By Robert Frank
English-speaking homeowners will receive school tax bills, on average, totalling 2.29 per cent more than last year.
Lester B. Pearson School Board approved a motion by District 4 commissioner Frank di Bello to revise the tax rate, during its monthly meeting, May 27.
LBPSB chair Suanne Stein Day pointed out that the board has in fact lowered its tax rate.
“We’re not increasing taxes,” she stated in a heated exchange with school board watchdog Chris Eustace, who questioned why residents’ tax bills must rise.
“The increase is due to the rising evaluation on people’s homes,” Stein Day explained. “We have absolutely no control over that. We cannot stop the tax rise because it is based upon the value of their property.”
“If people have an issue with their evaluation, then they need to take it up with their municipalities,” she added.
Sainte Anne de Bellevue municipal councilor Paola Hawa objected to the hike.
“I believe that LBPSB is running a surplus of about $41 million,” said Hawa, who ran unsuccessfully for the Coalition pour l’avenir du Québec in September. “Don’t increase taxes. Reduce your administrative costs. It’s a very simple proposition.”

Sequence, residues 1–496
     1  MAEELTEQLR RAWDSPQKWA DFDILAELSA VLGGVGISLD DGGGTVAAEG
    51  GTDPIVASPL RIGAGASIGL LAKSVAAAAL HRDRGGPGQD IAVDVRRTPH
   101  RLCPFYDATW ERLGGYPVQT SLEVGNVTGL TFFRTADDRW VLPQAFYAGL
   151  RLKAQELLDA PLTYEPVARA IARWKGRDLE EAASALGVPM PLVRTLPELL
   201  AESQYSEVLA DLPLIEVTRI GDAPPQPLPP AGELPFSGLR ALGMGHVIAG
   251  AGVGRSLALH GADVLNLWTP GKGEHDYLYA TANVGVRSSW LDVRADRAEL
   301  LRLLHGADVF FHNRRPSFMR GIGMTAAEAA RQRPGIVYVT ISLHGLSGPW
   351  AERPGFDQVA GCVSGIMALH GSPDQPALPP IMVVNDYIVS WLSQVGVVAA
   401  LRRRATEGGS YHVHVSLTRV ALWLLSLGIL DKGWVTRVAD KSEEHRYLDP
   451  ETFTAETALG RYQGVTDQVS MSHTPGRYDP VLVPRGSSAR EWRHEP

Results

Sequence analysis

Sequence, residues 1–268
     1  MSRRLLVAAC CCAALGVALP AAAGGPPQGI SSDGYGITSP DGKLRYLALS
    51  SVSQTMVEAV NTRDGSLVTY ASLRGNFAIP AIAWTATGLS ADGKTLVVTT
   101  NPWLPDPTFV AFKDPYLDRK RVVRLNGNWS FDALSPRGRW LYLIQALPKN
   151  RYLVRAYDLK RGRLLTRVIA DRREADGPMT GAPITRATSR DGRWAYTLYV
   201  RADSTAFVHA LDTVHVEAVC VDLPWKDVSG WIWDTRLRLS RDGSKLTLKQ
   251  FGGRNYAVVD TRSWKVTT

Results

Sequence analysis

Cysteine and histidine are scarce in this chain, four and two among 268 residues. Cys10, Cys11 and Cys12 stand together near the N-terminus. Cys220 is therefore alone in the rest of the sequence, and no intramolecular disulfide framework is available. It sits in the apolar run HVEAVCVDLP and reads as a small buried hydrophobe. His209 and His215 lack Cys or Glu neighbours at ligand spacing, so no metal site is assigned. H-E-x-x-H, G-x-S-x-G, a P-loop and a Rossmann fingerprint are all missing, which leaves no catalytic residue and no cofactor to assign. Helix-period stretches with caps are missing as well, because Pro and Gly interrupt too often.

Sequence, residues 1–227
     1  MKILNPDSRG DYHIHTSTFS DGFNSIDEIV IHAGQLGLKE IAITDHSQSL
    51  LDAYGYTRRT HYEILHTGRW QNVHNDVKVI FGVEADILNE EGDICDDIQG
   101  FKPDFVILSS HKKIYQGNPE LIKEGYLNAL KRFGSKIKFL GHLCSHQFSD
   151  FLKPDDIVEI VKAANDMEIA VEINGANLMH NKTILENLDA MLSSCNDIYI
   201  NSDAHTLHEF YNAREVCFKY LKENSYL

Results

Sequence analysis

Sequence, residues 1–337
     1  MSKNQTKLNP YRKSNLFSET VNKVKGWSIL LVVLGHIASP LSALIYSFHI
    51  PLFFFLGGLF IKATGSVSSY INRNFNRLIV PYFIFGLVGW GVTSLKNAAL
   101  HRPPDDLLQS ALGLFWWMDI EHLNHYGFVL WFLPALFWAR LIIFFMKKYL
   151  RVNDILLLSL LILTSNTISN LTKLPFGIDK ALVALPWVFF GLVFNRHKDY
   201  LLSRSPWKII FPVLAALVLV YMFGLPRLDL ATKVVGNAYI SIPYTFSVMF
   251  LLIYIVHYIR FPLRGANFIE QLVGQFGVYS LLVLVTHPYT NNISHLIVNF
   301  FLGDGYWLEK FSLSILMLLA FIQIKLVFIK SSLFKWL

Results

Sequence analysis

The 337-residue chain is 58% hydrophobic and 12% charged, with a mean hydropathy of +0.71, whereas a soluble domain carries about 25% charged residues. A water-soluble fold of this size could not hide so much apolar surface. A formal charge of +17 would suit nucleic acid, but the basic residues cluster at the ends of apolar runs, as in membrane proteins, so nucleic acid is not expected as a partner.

She deplored commissioners’ travel and entertainment costs, citing LBPSB’s vote at Monday night’s meeting to pick up the tab for an upcoming lobster dinner at another school board that Stein Day and commissioners Sergio Borja, Don Rae and Martin Sherman will attend.
“The kids next door to me don’t even have textbooks,” she complained. “I encourage citizens to take an interest in school board meetings. They need to take a look at some of the expense reports and see whether they are justified in light of the fact that some students don’t have the basics.”
In an interview following the LBPSB meeting, assistant director-general Carol Heffernan expressed concern whether the increased revenue will suffice.
“Hydro Quebec has announced that it will increase its electricity rates by 2.4 percent, so we’re already looking at a shortfall in our energy budget for the coming year,” she told The Suburban.
Since LBPSB spans a large geographical area, the increased school tax bills for individual residences will vary widely, according to local property evaluations.
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